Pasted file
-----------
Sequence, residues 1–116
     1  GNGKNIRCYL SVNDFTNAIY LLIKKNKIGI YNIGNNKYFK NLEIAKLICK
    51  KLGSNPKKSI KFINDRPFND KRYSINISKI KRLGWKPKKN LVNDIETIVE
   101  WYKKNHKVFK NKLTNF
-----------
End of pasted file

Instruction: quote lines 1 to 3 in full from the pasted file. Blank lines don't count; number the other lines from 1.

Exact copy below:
Sequence, residues 1–116
     1  GNGKNIRCYL SVNDFTNAIY LLIKKNKIGI YNIGNNKYFK NLEIAKLICK
    51  KLGSNPKKSI KFINDRPFND KRYSINISKI KRLGWKPKKN LVNDIETIVE